Nurse back home for celebration

AP FILE PHOTO - Nick Nurse smiles after being named the new head basketball coach of Canada’s national team on Monday in Toronto.

JEFFERSON — Toronto coach Nick Nurse’s improbable path to the NBA title began as a guard for Carroll Kuemper High in the middle of Iowa way back in the 1980s.

He returned to his home state this weekend for a celebration of a career — a weekend that included a family reunion on a farm outside of tiny Churdan, where his recently deceased mother was raised.

Nurse was feted by local celebrities and scores of folks he grew up with in Carroll on Sunday night at the Wild Rose Casino in Jefferson. And though the start of free agency was all the buzz in the NBA, Nurse was celebrating at an Iowa party decades in the making.

“It’s always good to be back and see family,” Nurse said. “If I could say what my biggest thrill of this whole thing has been, it’s been to share it with everybody.”

Nurse’s well-chronicled coaching career, which began 30 years ago, included stops in England, Belgium and South Dakota. But many of the experiences that shaped a run capped with a win over the Golden State Warriors in the NBA Finals two weeks ago happened in the Hawkeye state.

Nurse started his coaching career at Northern Iowa after he ended his playing career in Cedar Falls, and he spent two seasons at Grand View University in Des Moines as an assistant coach. After a decade in Britain coaching five different teams, Nurse returned to his home state to lead the Iowa Energy, an NBA G-League team in Des Moines.

Nurse even left the Energy for three days to be an assistant coach under Greg McDermott at Iowa State.

Like seemingly everything else about Nurse’s career, that stint was incredibly hectic.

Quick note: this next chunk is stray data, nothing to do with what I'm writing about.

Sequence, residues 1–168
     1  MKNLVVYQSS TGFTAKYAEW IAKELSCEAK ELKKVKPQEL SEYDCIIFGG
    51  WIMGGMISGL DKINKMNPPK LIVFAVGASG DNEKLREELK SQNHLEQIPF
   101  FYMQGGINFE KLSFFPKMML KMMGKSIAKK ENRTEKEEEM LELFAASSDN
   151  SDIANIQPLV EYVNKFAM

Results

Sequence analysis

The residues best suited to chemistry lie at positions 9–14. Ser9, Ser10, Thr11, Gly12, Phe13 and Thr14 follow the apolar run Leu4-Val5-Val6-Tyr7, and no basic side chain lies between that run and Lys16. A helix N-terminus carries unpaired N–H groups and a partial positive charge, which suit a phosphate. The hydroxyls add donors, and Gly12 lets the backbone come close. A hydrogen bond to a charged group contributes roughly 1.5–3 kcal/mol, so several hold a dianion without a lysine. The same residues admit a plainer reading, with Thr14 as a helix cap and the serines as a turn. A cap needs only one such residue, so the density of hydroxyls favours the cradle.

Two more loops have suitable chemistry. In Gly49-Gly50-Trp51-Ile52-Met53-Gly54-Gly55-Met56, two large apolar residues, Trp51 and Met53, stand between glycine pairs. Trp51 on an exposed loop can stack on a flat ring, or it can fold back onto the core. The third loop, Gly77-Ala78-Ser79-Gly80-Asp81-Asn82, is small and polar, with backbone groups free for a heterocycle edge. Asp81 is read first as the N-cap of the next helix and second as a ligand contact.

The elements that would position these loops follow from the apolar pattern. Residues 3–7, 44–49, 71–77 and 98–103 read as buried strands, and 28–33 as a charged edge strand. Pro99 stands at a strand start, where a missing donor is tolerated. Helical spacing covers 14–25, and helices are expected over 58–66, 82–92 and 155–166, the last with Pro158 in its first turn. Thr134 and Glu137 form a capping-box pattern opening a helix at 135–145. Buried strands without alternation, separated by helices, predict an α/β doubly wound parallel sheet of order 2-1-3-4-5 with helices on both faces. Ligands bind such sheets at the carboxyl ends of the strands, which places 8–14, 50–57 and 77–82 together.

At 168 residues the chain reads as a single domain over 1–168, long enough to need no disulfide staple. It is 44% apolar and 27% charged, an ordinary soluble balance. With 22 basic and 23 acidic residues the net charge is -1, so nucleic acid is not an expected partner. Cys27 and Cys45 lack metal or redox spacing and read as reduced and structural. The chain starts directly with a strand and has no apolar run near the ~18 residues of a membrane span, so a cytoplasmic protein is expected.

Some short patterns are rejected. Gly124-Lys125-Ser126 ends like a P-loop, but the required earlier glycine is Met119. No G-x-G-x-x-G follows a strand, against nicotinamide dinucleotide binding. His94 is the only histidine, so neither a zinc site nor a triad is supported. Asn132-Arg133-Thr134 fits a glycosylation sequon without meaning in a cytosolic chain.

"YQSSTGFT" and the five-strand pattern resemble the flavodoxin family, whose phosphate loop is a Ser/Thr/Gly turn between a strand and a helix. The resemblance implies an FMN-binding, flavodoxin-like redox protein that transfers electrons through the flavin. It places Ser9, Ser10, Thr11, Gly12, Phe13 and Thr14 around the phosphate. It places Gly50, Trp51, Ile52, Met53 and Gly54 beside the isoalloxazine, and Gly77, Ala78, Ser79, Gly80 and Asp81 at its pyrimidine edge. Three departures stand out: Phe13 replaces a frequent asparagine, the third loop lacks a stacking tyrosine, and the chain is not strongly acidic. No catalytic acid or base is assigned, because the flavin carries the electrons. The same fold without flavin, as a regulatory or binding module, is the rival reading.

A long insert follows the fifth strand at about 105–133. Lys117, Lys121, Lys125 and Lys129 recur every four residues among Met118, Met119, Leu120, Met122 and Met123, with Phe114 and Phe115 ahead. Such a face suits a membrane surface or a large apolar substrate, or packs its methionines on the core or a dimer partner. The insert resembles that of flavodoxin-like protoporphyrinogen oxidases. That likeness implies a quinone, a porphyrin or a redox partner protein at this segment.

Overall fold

Nurse started working for the Cyclones on a Thursday, planning a trip overseas to sign a few European players to boost what was then a sagging program. Nurse spent Friday and Saturday in England before preparing to leave for Athens. But while Nurse was waiting for his train to Greece, McDermott called to tell him he was leaving for Creighton.

Because Nurse hadn’t even been gone a week, the Energy gave him his job back. They soon won the G-League title, and Nurse’s rise through the NBA ranks had begun.

“I was like, ‘OK, I’m coming home to see what’s going on,'” Nurse joked. “I know that there was a day or two in there where there was some speculation that I might get bumped up to that job. But they found Freddy Hoiberg ready to come home. He was fantastic in that job obviously.”

Nurse’s return to Iowa was a bit bittersweet because his 94-year-old mother, Marcella Nurse, died in Carroll in December. But Nurse said one of the most memorable moments of Toronto’s title run was when Kyle Lowry told Nurse upon his return in the locker room in Los Angeles that they’d win a championship for his mom.

Seven months later, Lowry proved to be prophetic.

“I was little bit taken aback by it when he said it,” Nurse said. “I’m not sure at that point in the year — it was really early in the year (and) everybody kind of goes in saying, ‘Hey, we’ve got a chance to win it.’ I’m not so sure that was in our heartbeat at that time. For him to say that, I thought it was a pretty big statement. But it was certainly, when the thing got done, it was the first thing I thought of.”